The BMW TwinPower Turbo technology is based on the twin-scroll principle and has been actively installed in BMW petrol and diesel engines since 2011.
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The technology at a glance
The innovative turbocharging technology also gave the greenlight for downsizing at BMW. Thanks to TwinPower Turbo, some of the preceding 6-cylinder engines in the lineup have been replaced with 4-cylinder units that were superior in terms of efficiency, response and pulling power.
The BMW TwinPower Turbo has many benefits, as it allows for more variability within the engine range and also helps improve fuel consumption, whilst also reducing the CO2 emissions thanks to the enhanced, effective gas recirculation process.
Of course, as to achieve maximum productivity, TwinPower Turbo works in conjunction with the High Precision Injection, the Double VANOS variable camshaft control and VALVETRONIC variable valve control.
The very first application of BMW TwinPower Turbo came in 2011, when the constructor launched the new BMW X1 xDrive28i variant, that used a newly developed 4-cylinder petrol engine replacing the old 3.0-liter, straight-six, naturally aspirated powerplant.
The preceding 6-cylinder N52B30 unit, that previously powered the X1 xDrive28i (2009 – 2010) and delivered 180 kW / 245 PS (241 hp), was sent into pasture by the state-of-the-art, turbocharged N20B20 unit with I4 architecture and rated at the same maximum output of 180 kW / 245 PS (241 hp).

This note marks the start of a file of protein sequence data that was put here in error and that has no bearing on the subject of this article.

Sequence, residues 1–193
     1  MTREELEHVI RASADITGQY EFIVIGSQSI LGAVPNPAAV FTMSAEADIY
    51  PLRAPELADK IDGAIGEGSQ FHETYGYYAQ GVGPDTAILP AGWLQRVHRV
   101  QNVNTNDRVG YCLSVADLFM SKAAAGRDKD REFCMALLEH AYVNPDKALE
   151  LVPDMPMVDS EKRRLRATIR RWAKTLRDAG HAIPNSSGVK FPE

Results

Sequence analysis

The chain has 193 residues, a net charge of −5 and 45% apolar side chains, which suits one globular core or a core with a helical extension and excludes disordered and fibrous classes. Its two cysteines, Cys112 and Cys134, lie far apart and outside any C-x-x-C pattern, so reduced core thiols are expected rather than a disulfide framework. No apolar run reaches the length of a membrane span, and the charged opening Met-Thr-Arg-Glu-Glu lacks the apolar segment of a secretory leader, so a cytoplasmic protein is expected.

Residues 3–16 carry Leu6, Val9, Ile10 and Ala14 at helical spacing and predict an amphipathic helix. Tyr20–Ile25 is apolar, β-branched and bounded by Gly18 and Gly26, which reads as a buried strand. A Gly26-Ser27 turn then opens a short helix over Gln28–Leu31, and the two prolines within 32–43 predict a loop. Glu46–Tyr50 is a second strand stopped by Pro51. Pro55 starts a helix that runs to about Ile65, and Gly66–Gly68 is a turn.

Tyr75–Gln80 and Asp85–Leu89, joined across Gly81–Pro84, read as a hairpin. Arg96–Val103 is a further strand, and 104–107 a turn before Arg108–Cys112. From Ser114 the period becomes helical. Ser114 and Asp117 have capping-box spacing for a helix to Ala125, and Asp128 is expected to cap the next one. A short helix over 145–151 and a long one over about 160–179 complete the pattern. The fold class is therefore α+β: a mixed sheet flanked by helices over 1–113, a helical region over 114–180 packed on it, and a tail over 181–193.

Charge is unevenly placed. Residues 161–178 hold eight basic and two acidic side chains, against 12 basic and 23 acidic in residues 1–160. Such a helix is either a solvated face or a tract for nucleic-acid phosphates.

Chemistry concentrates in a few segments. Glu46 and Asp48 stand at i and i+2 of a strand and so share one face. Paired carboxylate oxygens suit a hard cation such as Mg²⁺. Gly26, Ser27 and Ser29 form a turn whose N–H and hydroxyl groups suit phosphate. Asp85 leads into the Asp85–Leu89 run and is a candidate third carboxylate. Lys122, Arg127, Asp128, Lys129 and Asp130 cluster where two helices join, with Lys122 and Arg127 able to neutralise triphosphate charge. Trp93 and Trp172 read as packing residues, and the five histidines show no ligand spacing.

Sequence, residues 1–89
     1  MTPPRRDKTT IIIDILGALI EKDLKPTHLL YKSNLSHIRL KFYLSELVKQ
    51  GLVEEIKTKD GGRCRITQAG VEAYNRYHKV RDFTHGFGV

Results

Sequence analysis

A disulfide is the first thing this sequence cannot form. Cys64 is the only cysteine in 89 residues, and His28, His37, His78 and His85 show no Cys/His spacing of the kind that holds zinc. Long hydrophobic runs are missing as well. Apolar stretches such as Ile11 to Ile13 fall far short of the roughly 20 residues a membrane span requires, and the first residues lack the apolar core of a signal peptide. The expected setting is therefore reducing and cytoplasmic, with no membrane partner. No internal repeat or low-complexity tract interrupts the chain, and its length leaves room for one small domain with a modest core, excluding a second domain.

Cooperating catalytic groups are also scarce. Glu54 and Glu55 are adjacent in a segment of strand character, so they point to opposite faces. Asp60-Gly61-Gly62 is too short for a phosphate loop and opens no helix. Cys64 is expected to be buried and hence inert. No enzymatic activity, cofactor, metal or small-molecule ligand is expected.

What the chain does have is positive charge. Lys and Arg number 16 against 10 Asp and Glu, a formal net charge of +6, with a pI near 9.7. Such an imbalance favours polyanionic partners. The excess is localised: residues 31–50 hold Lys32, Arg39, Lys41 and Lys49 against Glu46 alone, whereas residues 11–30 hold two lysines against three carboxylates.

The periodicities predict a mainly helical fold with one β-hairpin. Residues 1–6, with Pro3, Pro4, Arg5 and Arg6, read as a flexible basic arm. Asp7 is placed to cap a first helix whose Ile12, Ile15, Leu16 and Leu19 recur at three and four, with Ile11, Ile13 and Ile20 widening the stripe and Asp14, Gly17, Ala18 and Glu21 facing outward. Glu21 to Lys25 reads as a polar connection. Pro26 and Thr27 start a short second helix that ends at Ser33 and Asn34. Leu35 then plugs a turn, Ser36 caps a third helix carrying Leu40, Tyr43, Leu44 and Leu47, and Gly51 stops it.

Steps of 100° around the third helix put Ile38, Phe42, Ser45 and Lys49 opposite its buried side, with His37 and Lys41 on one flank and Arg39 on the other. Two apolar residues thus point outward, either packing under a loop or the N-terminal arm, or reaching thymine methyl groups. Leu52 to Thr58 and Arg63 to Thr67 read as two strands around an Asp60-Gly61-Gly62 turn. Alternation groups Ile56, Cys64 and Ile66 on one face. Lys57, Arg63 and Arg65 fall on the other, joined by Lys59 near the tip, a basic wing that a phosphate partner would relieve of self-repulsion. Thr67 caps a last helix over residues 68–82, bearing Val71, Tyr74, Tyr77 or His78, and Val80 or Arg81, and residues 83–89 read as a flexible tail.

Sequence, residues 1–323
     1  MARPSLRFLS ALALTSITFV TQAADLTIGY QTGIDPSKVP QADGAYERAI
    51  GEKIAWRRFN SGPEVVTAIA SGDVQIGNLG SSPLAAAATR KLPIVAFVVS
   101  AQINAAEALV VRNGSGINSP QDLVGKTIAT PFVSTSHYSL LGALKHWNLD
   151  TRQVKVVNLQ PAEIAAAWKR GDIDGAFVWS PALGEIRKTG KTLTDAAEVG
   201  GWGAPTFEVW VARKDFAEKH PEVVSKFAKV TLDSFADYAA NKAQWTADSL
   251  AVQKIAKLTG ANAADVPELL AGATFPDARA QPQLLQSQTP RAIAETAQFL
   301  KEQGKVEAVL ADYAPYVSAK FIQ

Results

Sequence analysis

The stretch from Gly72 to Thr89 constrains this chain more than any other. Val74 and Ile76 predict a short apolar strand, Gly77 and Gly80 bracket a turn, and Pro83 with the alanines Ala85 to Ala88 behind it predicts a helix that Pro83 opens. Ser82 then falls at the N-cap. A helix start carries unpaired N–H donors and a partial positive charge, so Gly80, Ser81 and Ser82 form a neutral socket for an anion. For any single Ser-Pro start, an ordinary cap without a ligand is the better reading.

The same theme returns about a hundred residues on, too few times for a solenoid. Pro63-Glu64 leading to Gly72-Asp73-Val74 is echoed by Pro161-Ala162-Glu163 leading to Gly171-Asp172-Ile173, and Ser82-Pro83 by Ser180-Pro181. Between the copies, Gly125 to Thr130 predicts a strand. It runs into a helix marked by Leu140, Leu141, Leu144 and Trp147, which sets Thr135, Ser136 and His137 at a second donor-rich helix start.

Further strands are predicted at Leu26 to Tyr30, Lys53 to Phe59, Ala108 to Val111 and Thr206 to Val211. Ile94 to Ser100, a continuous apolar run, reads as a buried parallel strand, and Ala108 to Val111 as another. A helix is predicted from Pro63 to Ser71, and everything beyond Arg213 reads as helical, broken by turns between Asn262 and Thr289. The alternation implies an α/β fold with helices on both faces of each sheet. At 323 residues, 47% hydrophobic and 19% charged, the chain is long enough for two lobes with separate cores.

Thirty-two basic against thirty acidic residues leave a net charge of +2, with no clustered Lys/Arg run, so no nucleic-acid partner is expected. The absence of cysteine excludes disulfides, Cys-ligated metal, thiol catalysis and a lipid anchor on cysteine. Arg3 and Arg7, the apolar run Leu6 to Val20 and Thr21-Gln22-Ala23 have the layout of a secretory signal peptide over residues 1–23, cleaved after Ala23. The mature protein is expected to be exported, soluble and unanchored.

The new N20 powerplant developed a peak output of 350 Nm, available as early as 1,250 rpm. At the same time, the 0-100 km/h acceleration was improved by up to 0.3 seconds compared to the preceding version, reaching 6.5 seconds. Furthermore, thanks to the BMW EfficientDynamics measures and the TwinPower Turbo technology, the average fuel consumption dropped by 1.5 liters to 7.9 l/100 km, compared to the naturally-aspirated I6 engine.
Alongside the new 4-cylinder petrol engine, BMW also premiered a 6-cylinder diesel engine complete with TwinPower Turbo in 2011. The new 3.0-liter I6 diesel powerplant, titled N57D30O1, came up with an increased output (190 kW / 258 PS) and boasted further optimization in the areas of reduced internal frictions, weight and fuel injection.
The updated N57 powerplant featured a high-precision, Common Rail diesel injection at a pressure of 1,800 bar. The gain in torque was of 20 Nm to 560 Nm over the preceding engine, already available from 1,500 rpm.
Furthermore, the turbocharger was equipped with variable intake geometry, alongside a reduction in the turbine wheel. In the F10 530d xDrive, the acceleration from 0-100 km/h took just 6.1 seconds, whereas the average fuel consumption to 5.7 l/100 km.
BMW TwinPower Turbo: It’s all in the name
As evoked in the first paragraph, BMW developed its trailblazing TwinPower Turbo technology on the basis of the twin-scroll principle. So, basically, the name says it all, but although intuitive, it’s not that straight-forward to many.